The Warren Buffett school of looking at permanent ownership of businesses or long-term investing in general inevitably requires high conviction as even the best of businesses tend to go through bouts of weakness, testing the investor’s patience. But what do we mean by conviction? How can we train ourselves to build it?

This is an insightful essay by a hedge fund manager on how there are two sources of conviction – explicit and implicit, and how we need a combination of both. Explicit conviction that’s backed by analysis and implicit conviction which is more intuitive (much needed when all analysis fails).

“In the context of investing, one might develop the thesis that a particular company can capture X% market share, generate Y dollars in annual revenue, achieve Z% operating margins, and therefore has an intrinsic value within a certain range. One might have high confidence because of the presence of competitive advantages and management with a very good track record. One would have a range of expected returns from owning the shares over time. All of this would fall into the explicit category.

Sooner or later, the investment would encounter a confounding surprise. Perhaps execution turns choppy, a new competitive vector emerges out of nowhere, an exogenous crisis turns the world upside down, etc. Old projections are now in doubt, previous plans and strategies are being reworked, everything is less fun. These things are actually happening all the time— something explicit conviction has a way of tuning out! Only genuine and well-placed implicit conviction, a qualitative knowing that the company will do what it needs to and ought to do, is equipped to ably traverse this kind of terrain. Unlike analysis-based explicit conviction, implicit conviction comes from something deeper than the cause and effect we perceive in the unfolding of events—it is both analytical and, crucially, intuitive (about which more later).

It is fascinating that the two convictions often exist in tension. For example, early in my career I commonly experienced tension when faced with a bargain price (explicit) for a company I did not particularly admire (implicit). One of my most challenging investments involved an impairment of trust (implicit) coupled with a lower valuation multiple owing to a falling share price (explicit). My best investments have erred on the side of management and cultural excellence (implicit) when faced with disappointing fundamental performance or a seemingly stretched valuation (explicit)”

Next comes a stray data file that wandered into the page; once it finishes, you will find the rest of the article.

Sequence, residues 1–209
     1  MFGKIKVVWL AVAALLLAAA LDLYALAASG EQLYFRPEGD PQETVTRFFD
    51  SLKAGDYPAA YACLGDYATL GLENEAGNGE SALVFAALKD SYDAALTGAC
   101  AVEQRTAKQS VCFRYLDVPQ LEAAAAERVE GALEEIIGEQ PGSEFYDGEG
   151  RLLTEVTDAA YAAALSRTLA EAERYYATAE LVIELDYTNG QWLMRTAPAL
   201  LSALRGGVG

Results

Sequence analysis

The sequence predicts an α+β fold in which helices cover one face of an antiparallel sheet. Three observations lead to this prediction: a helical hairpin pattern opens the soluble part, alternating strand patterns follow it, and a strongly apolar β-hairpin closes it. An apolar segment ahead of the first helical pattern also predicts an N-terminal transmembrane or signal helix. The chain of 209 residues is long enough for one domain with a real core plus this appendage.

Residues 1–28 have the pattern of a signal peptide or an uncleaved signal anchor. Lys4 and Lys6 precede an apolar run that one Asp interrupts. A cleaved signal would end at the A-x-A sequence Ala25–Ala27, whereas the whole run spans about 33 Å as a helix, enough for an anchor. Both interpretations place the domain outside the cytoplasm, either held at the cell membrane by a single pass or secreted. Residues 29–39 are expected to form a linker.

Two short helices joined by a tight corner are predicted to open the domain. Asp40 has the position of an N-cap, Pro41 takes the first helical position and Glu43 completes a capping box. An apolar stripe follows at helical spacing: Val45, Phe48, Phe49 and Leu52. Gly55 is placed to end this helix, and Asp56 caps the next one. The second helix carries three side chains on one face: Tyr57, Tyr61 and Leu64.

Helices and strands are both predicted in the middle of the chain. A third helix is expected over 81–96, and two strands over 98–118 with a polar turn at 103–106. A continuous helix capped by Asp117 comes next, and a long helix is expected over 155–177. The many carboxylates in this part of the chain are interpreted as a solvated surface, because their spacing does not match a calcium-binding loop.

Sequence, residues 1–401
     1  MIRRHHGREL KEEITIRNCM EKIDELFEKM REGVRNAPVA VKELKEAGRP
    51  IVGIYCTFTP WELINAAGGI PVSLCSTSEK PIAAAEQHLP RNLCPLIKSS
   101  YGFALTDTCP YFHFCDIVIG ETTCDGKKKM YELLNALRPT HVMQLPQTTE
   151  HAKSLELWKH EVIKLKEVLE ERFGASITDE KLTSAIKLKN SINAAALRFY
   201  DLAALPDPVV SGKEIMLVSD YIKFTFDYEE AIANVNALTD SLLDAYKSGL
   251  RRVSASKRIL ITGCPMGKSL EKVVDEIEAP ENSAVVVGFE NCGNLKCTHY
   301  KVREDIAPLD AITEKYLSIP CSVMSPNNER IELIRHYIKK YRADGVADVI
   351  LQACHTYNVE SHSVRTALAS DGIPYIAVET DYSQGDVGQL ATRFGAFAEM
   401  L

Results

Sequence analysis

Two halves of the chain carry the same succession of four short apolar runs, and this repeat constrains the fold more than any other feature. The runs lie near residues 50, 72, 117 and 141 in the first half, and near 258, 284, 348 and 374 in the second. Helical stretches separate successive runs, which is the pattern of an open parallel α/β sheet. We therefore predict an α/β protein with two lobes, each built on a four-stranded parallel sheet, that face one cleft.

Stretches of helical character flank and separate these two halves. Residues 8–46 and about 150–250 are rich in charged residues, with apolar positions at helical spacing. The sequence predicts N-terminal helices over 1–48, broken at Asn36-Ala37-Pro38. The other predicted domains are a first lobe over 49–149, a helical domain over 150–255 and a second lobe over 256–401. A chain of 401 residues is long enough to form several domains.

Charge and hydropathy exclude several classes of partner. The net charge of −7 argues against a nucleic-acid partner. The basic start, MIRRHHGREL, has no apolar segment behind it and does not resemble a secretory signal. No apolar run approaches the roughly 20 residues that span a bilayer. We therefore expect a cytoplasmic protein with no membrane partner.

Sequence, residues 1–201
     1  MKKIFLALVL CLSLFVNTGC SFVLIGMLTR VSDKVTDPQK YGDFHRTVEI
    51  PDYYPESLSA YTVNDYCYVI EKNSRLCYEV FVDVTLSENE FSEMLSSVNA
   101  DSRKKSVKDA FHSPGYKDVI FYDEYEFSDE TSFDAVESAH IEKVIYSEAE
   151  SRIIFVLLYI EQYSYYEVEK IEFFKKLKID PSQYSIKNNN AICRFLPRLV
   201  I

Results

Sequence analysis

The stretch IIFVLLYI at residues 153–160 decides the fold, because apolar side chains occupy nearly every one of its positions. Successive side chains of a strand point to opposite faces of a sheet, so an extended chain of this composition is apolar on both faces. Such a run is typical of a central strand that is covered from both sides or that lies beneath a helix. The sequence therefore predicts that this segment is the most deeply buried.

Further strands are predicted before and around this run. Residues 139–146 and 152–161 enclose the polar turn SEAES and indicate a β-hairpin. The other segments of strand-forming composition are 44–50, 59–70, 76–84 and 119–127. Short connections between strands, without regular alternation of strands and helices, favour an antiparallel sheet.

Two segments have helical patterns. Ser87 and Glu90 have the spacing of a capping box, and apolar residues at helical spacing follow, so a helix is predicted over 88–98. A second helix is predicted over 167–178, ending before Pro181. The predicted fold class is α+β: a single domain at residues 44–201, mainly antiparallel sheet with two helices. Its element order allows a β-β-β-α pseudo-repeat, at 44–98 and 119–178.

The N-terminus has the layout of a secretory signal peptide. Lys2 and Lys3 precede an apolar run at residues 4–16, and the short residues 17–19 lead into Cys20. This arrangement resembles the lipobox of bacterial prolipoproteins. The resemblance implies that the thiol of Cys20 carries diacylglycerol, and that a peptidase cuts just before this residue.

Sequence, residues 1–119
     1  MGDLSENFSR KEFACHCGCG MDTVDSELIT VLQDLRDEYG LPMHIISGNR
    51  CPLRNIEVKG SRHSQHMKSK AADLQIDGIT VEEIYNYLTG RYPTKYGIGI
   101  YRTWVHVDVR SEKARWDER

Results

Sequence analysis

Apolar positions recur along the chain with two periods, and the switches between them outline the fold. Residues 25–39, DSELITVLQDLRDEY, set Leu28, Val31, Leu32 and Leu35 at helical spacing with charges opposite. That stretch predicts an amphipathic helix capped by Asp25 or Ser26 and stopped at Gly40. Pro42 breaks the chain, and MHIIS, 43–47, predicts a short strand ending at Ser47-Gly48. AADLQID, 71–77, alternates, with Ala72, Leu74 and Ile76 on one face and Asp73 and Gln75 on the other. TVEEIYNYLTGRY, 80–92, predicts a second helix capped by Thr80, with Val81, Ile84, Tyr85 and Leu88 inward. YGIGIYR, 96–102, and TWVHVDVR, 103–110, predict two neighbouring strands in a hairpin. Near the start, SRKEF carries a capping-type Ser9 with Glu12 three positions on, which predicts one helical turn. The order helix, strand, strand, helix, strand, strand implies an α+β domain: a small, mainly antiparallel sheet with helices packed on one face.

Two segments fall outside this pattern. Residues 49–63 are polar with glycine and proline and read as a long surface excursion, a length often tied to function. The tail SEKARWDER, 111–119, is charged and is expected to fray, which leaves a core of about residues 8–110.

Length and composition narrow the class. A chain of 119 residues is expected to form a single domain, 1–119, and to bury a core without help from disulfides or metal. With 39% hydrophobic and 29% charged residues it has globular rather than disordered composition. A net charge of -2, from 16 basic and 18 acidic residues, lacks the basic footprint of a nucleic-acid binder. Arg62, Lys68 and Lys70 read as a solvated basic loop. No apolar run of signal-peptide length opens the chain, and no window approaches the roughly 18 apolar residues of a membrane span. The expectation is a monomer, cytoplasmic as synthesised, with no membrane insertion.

The author goes on to share how even Buffett and Graham have shared their experiences where implicit and explicit convictions are at play.

In the second part of the essay, he double clicks on implicit conviction and links it to the appreciation of quality in the underlying business. Incidentally, the author attributes his appreciation of quality to Robert Pirsig, the author of the book “Zen and the Art of Motorcycle Maintenance”, the book that also inspired Nomad Partnership’s Nick Sleep to look for quality in businesses.

The author starts with a few markers of quality in businesses:

  • ““Wow” customer experiences
  • Mission to solve an important problem
  • Domain mastery (the best at what they do)
  • First-principles-based thinking and invention
  • Unlimited ambition combined with no-nonsense realism
  • Overcapitalized balance sheet
  • Founder mentality (life’s work).”
However, the author warns us from being too boxed into any framework while assessing quality as he segues into intuition to link quality with implicit conviction:

“Well-honed intuition does what analysis cannot by perceiving Quality directly, as opposed to through an intellectual process. What I suspect is happening in the direct perception of Quality is subconscious pattern recognition, based upon a dynamic, holistic experience of the thing in question. Of course, the ability to intuitively recognize patterns in a specific domain must be earned through experience and feedback; indeed, I have found that the value of my own intuition has grown (starting at zero) over many years. Interestingly, I also find that experiencing Quality in any one domain (e.g., music or meditation, to use examples that are dear to me) can be helpful for recognizing it in other domains (including business) because Quality’s nature is universal, even as its manifestations are necessarily particular.

I believe that the analytical vantage point and the intuitive vantage point are profoundly complementary, together providing a far deeper and more complete picture than either on its own. My process for getting to know companies involves endlessly iterating between the two. Using two lenses instead of one tends ultimately to winnow out investment options, narrowing the field to companies that pass both tests”

The essay is well worth a read in its entirety as the application of conviction and quality go beyond the realms of investing.

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Note: the above material is neither investment research, nor financial advice. Marcellus does not seek payment for or business from this publication in any shape or form. Marcellus Investment Managers is regulated by the Securities and Exchange Board of India as a provider of Portfolio Management Services. Marcellus Investment Managers is also regulated in the United States as an Investment Advisor.

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